Drobo

Just a friendly reminder... Backups are important!

This is a massive case of FAIL!

http://www.techcrunch.com/2009/10/10/t-mobile-sidekick-disaster-microsofts-servers-crashed-and-they-dont-have-a-backup/

If you are on a Mac and use a Drobo/DroboShare, setup TimeMachine ASAP. BackMyFruitUp is here to help.

http://backmyfruitup.googlecode.com/

-latchkey

I saw that too - ouch… Even the cloud needs a backup. Just like you have a spare housekey, you should have a backup of any data that you wouldn’t/couldn’t want to lose.

Fault-tolerance is not a substitute for backup! They should go hand-in-hand… FT doesn’t save you from stupid - or angry Murphy. :slight_smile:

Lesson: don’t consider “cloud backups” as a primary, reliable way to protect stuff. Maybe there are leading providers to trust? WTF would anyone trust a Microsoft named “Danger”. Isn’t it clear they are daring you to test their veracity or – ow do I say this – their “fuck you’ness” with a crappy service.

Clouds are crap. Protect yourself. DOn’t believe the hype. Even Google has serious outages from time to time. Clouds are crap.

Repeat after me - Clouds are crap.

I’m new to the Forum and can’t find much reference to Backing up a Drobo off site.

Can anyone make any suggestions? We use a Drobo as our main Data location for a network of 6 or 7 Macs with one PC. We run Mac OS X Server on a MacMini with the Drobo connected to that. We have been doing daily tape back ups but the tape machine seems faulty so we are looking to replace it with a suitable alternative.

Brian, I am extremely satisfied with SyncBackPro for my (office) Windows client, backing up to a locally connected Drobo, and also to an offsite Drobo connected via my home Mac Mini. The transfer is encrypted, via SFTP, and the interface is smooth and slick.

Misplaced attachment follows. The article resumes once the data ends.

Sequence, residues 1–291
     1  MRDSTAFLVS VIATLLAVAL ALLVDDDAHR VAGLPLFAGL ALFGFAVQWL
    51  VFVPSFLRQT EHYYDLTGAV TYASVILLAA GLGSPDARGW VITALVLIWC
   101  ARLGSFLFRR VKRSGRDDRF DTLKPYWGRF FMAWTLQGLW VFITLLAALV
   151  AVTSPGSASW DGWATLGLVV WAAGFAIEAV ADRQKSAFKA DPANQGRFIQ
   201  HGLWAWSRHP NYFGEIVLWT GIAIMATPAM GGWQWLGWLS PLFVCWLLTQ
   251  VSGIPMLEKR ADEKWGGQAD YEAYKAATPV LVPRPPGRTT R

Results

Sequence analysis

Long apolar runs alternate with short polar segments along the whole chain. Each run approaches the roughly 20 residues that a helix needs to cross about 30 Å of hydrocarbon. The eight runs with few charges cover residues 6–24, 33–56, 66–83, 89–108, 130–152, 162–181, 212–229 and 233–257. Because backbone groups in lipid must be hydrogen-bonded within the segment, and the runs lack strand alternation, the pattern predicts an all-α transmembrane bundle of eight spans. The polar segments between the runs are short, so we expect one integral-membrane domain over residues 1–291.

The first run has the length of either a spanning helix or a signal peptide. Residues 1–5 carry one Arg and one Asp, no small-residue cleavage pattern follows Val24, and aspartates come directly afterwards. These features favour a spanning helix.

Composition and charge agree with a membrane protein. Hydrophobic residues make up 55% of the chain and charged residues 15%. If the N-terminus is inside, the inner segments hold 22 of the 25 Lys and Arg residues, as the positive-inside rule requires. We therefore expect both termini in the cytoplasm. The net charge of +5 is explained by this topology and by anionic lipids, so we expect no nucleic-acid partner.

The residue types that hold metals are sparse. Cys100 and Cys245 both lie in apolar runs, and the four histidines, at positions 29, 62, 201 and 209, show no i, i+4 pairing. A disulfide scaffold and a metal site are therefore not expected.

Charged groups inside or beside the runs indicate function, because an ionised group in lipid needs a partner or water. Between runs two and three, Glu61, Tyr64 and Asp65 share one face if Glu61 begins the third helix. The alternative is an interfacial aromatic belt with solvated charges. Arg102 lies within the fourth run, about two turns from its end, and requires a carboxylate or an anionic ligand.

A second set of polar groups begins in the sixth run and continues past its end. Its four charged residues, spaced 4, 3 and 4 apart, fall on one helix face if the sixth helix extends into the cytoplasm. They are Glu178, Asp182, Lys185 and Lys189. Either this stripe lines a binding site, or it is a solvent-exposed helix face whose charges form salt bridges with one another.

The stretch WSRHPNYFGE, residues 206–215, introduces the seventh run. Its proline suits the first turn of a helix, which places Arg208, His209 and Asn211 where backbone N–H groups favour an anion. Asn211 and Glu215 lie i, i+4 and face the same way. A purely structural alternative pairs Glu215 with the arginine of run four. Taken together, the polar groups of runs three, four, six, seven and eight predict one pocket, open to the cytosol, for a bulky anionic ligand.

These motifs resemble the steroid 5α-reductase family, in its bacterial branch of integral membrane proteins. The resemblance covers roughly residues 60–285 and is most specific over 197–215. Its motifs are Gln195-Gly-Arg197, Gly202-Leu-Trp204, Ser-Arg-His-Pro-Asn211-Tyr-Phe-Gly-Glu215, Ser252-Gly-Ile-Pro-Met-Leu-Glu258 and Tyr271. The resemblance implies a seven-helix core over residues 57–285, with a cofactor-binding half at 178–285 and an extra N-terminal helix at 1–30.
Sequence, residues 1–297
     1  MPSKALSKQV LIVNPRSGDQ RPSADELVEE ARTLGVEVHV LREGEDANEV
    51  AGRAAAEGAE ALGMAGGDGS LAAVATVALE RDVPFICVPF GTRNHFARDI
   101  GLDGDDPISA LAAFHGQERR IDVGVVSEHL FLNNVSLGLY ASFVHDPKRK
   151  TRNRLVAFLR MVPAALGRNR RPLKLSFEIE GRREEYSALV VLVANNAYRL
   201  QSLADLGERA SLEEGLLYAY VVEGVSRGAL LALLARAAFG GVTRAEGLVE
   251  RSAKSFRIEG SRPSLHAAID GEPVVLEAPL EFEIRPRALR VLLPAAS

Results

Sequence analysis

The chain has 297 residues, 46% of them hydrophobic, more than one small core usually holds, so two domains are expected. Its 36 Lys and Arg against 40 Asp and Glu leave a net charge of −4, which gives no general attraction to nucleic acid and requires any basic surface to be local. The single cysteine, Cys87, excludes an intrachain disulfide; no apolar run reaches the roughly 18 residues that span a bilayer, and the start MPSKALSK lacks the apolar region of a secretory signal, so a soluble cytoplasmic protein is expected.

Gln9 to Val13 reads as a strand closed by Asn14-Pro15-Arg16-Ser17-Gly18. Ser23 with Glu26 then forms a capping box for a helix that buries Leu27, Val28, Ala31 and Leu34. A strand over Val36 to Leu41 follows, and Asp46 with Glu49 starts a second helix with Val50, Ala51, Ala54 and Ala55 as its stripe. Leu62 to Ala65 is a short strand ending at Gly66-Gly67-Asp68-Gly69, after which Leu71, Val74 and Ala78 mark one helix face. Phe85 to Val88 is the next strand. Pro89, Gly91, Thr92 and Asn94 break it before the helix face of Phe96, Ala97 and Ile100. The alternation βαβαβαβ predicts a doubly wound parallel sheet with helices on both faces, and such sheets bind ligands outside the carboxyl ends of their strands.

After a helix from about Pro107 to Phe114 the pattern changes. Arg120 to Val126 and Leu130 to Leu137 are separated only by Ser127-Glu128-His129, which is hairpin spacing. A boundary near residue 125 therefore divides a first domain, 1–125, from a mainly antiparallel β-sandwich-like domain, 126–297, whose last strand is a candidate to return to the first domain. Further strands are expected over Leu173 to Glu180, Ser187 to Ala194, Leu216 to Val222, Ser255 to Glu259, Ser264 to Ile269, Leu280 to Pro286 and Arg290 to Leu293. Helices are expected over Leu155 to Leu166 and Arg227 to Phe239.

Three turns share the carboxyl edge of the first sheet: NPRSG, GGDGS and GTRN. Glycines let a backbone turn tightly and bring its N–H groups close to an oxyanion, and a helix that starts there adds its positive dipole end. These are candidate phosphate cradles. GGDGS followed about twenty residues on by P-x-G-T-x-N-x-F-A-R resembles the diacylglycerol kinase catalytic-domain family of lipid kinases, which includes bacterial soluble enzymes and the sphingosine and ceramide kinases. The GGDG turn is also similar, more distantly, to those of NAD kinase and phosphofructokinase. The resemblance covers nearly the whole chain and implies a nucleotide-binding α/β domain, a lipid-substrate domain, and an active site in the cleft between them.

The only drawback is that the resulting files are not encrypted, and since they are connected to a server (the Mac Mini), that concerns me, even with the firewall enabled.

For local Mac backups, I’m using ChronoSync, which is adequate but not in the same class as SyncBackPro.

Finally, I am currently evaluating CrashPlan+. If has the significant advantage of working cross platform (it is written in Java).

In addition, the files are both transmitted and stored in encrypted form. Unfortunately, the encryption is BlowFish, rather than an evaluated national standard such as AES. And the key is derived from a password, instead of a decent software random number generator, much less a hardware RNG. And the fact that the files are encrypted is fine, but the fact that the file names are also encrypted makes it harder to figure out what is stored, and how to manage it. That that’s rather a mixed blessing.

The biggest problem is that the performance over the Internet is painfully slow. My Internet downlink speed is somewhere around 16-20 Mbps, but my uplink speed is about 2 Mbps. That’s about 270KB/sec, and that means that a 20GB file takes an eternity. And the Internet speed at work is even worse – a T1 line that is shared with other users.

Finally, CrashPlan+ sometimes crashes, and at other times refuses to connect to the backup engine, forcing a reboot (like right now).

All in all, less than perfect, but better than a poke in the eye with a rusty stick, as my dad used to say.

@Suiteb, can’t you develop a way to sync locally instead of over the WAN pipe?

Switcher, I should have been more specific. Yes, of course I could sync locally, using a mapped drive, and that is certainly what would normally be recommended.

But it is difficult to be at two places at the same time, and if something goes wrong when syncing from the office, or on the road, I have no easy way to see what is going on at the other end. This approach allows me to be reasonably sure that things are going to work smoothly – assuming they do.

I can wade in about CP. I have CP+ installed on Mac OS X, Vista, XP, XP 64 and Win 7. All are backing up to an offsite family plan for $180 for 3 years. Unlimited computers and unlimited data. I’ve uploaded over 350 GBs so far.

CP encrypts at 128 bit and CP+ encrypts at 448 bit. The key can be derived from the password or you can have a separate password and key.

The nice thing about CP is it is completely free.

CP also advertises that they verify backups every night

One more thing… How does a stick get rusty? :slight_smile: